Peter Kreeft once commented (in a talk – sorry I can’t give a reference) that he tells his undergraduate students that “if your faith is weak and you don’t want to lose it then don’t read The Brothers Karamazov by Fyodor Dostoyevsky”. I can scarcely think of a better recommendation for a book. And as if you need more reason, observe this gem (page 274 of the Penguin paperback):
[Ivan:] … if God really exists and if he really has created the world, then, as we all know, he created it in accordance with the Euclidean geometry, and he created the human mind with the conception of only the three dimensions of space. And yet there have been and there still are mathematicians and philosophers, some of them indeed men of extraordinary genius, who doubt whether the whole universe, or, to put it more wildly, all existence was created only according to Euclidean geometry and they even dare to dream that two parallel lines which, according to Euclid can never meet on earth, may meet somewhere in infinity. I, my dear chap, have come to the conclusion that if I can’t understand even that, then how can I be expected to understand about God?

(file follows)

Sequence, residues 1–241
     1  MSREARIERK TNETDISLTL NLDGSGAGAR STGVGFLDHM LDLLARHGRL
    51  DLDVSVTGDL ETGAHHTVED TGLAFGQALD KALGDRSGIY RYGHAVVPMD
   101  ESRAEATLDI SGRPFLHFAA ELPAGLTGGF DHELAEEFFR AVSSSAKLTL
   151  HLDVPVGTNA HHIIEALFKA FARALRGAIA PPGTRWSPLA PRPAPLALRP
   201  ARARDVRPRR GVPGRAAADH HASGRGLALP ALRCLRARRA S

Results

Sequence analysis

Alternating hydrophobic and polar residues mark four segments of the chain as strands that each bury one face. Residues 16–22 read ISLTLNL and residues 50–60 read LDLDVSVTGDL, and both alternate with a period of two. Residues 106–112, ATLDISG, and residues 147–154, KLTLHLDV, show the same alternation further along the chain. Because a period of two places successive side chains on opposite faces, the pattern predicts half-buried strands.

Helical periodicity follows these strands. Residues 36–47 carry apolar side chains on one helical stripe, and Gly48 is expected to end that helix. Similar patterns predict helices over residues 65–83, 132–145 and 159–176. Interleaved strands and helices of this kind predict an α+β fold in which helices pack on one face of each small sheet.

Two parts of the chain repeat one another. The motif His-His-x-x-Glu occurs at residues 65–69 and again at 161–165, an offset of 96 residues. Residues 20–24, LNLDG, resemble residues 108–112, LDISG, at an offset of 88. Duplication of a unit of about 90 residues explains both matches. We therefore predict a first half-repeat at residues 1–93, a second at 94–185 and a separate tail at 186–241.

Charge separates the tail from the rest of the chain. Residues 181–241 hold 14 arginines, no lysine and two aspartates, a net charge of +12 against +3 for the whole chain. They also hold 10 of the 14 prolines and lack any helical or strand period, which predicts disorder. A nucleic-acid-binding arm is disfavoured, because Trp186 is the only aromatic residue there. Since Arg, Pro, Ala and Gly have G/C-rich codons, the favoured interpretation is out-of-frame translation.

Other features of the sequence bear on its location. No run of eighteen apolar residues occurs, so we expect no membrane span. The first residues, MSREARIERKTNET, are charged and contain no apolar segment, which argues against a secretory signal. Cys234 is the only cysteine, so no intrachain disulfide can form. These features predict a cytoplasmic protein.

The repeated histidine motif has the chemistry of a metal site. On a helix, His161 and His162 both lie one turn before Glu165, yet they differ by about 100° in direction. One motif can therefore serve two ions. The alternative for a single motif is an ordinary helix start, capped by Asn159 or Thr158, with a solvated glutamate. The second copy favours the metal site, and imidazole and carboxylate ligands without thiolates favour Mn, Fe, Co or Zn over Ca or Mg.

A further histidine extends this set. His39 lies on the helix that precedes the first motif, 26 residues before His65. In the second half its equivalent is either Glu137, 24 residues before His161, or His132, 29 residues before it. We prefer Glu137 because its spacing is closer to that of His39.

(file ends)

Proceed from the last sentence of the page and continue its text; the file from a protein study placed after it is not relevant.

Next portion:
The Brothers Karamazov was published in 1880. Ivan is referring to the discovery a few decades earlier by Lobachevsky that Euclidean geometry is not unique, and thus it is an empirical matter whether or not parallel lines meet (or are unique) in our universe. This seems like a very minor loose thread in physics, and yet when Einstein pulled on it, 35 years after Ivan’s monologue, he was lead to General Relativity, arguably the greatest achievement of a single physicist since Newton. Gravity is geometry!
This quote came as quite a surprise to me. I hadn’t realised that non-Euclidean geometry had reached popular culture in the 1880’s.